The Religious Right's Donald Trump Dilemma

The Republican candidate’s speech at Liberty University divides evangelical leaders, revealing a split in the so-called values vote.

Joshua Roberts / Reuters

There were many unbelievable moments over the course of Donald Trump’s speech on Monday at Liberty University, the evangelical college founded by the late Jerry Falwell.

There was his citation of the Bible: “Two Corinthians 3-17, that's the whole ball game ... Is that the one? Is that the one you like? I think that's the one you like.”

There was the part where he ranked his favorite books, calling The Art of the Deal “a deep, deep second to the Bible. The Bible is the best. The Bible blows it away.”

There was his pledge to win the war on Christmas: “If I'm president, you're going to see ‘Merry Christmas’ in department stores, believe me.”

And there was a delightful new twist on his oft-repeated claim that Americans will be overwhelmed with winning: “If I'm president, you'll say, ‘Please, Mr. President, we're winning too much. I can't stand it. Can't we have a loss?’ And I’ll say, ‘No, we're going to keep winning.’”

But the most breathtaking part of Trump’s appearance may have come before he spoke. It was his introduction by Jerry Falwell Jr., the school's president and son of its founder, who praised the thrice-married, socially liberal tycoon at great length.

Falwell lauded Trump’s generosity and worldly success; he called him “a breath of fresh air.” He compared Trump to his father and to Martin Luther King Jr., who also “spoke the truth, no matter how unpopular.” Trump, he said, “cannot be bought—he is not a puppet on a string like many other candidates.” Though Falwell’s comments were, he said, not an endorsement, he repeatedly imagined a Trump presidency as a boon to America. “In my opinion,” he said, “Donald Trump lives a life of loving and helping others, as Jesus taught in the great commandment.”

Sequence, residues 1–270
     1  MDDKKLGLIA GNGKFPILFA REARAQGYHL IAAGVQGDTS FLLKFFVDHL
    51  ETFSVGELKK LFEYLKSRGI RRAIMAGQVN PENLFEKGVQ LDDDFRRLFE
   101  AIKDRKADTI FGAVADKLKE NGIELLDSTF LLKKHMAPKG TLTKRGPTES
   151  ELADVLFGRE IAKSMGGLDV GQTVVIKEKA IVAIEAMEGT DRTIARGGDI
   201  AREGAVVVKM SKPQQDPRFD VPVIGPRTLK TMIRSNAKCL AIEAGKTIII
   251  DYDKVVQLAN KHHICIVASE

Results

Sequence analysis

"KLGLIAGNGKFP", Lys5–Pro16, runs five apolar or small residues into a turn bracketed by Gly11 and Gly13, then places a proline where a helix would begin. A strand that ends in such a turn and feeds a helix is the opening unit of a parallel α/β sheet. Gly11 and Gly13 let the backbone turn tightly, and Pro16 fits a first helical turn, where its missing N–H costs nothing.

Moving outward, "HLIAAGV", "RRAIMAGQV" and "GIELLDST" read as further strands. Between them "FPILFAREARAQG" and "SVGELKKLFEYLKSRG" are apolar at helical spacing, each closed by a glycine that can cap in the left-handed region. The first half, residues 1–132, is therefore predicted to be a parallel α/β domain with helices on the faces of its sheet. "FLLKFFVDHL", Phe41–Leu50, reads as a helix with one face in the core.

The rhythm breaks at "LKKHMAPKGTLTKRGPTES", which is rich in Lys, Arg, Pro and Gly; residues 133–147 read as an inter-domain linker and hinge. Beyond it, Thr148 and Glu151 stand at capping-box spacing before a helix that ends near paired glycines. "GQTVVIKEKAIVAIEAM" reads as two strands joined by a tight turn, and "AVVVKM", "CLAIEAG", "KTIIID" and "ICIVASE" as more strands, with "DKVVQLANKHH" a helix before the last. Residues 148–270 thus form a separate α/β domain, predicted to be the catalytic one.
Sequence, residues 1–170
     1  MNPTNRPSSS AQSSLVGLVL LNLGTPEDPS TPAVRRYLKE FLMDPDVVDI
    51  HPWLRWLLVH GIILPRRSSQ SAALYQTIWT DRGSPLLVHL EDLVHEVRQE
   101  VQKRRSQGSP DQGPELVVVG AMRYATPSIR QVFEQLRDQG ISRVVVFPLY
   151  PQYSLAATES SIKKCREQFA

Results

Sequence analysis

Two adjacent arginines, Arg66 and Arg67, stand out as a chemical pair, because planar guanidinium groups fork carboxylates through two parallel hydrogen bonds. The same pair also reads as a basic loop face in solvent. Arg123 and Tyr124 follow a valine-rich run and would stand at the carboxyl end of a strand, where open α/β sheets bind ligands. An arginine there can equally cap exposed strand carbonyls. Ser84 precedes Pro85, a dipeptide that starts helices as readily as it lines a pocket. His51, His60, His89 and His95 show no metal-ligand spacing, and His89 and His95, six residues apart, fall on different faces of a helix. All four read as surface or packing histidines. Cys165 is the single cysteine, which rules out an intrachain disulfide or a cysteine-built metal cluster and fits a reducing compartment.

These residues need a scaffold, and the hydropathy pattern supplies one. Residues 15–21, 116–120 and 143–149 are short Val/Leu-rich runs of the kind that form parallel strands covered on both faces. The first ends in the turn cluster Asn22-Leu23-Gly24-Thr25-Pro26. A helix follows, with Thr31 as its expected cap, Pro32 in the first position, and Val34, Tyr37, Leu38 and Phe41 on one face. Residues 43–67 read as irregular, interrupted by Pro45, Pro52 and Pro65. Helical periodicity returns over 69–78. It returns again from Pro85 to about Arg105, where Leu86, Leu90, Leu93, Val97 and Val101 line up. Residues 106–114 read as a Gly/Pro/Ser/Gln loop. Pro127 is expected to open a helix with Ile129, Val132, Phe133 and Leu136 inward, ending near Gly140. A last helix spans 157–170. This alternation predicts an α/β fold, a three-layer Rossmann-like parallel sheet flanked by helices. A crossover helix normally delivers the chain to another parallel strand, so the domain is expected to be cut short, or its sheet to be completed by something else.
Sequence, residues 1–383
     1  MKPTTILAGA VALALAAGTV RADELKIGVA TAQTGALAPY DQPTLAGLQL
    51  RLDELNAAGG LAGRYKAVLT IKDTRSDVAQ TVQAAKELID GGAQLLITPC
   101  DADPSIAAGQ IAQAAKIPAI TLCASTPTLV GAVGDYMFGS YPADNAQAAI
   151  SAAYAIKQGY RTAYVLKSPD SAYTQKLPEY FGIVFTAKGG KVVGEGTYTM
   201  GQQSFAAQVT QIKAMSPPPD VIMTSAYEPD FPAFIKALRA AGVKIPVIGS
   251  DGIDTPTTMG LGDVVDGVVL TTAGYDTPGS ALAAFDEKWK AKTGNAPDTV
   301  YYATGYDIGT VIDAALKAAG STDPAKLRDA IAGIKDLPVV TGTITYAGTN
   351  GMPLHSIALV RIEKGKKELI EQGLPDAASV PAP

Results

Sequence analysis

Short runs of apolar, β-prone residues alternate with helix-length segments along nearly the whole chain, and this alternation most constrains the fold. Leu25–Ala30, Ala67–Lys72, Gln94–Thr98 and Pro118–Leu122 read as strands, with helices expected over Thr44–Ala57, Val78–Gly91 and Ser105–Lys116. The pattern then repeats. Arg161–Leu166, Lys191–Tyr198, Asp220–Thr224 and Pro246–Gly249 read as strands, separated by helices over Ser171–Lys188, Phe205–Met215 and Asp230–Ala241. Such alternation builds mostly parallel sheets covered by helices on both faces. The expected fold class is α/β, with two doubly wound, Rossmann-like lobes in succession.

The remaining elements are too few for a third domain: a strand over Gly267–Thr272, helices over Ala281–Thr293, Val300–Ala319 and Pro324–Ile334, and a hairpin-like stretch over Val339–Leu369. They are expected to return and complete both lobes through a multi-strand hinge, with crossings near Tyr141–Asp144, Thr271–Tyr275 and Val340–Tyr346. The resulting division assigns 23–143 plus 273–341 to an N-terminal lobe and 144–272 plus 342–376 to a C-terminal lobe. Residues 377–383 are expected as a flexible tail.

Many evangelical leaders, however, do not share Falwell’s affection. As Trump was speaking, Russell Moore, the Southern Baptist leader, issued a stream of disapproving tweets: “Trading in the gospel of Jesus Christ for political power is not liberty but slavery,” Moore wrote. He added: “This would be hilarious if it weren't so counter to the mission of the gospel of Jesus Christ.”

The evangelical writer Matthew Lee Anderson recently compared Trump to a prosperity-gospel televangelist—and indeed, Trump’s evangelical outreach has included a meeting with prosperity-gospel preachers. Many of the Liberty students, whose attendance at Trump’s speech was required, were reportedly cool to his bombast. As Liberty alum Jonathan Merritt put it, “If evangelical engagement with politics is driven by a politics and morality, Trump may be facing an impossible task.” (The Falwells, with their history of racism and misogyny, have often spoken for a branch of the religious right that more thoughtful leaders find distasteful, Merritt noted; in this, Jerry Falwell Jr.’s comparison of Trump to his father may not have been so far off.)

Nonetheless, Trump is currently leading among white evangelical voters, many of whom are willing to forgive his theological lapses in favor of other appealing qualities. “Spirituality is a big issue, but we need somebody who’s strong,” a Kentuckian named Charles E. Henderson told The New York Times. “Lots of times the preachers and everything, they have a tendency to be just a little bit weak.” Trump’s success with this group exposes a rift in the religious right akin to the one in the broader GOP: Its leaders don’t necessarily speak for their followers. As Matthew Lee Anderson put it, “While the evangelical leadership has gone other directions, the laity has its own attitudes and impulses—and those have more in common with Trump than most evangelical leaders would like to admit.” Leaders like Moore, who urge tolerance and compassion for gays, immigrants, and refugees, may be out of step with elements of the evangelical rank and file.

In this as in so much else, Trump’s candidacy will prove clarifying. The Republican Party has relied on “values voters” for decades without, in their view, faithfully representing their interests. As Falwell put it in his introduction of Trump: “For decades, conservatives and evangelicals have chosen the political candidates who have told us what we wanted to hear on social, religious, and political issues, only to be betrayed by these same candidates after they were elected.” In Trump, these voters see someone who shares their true priorities.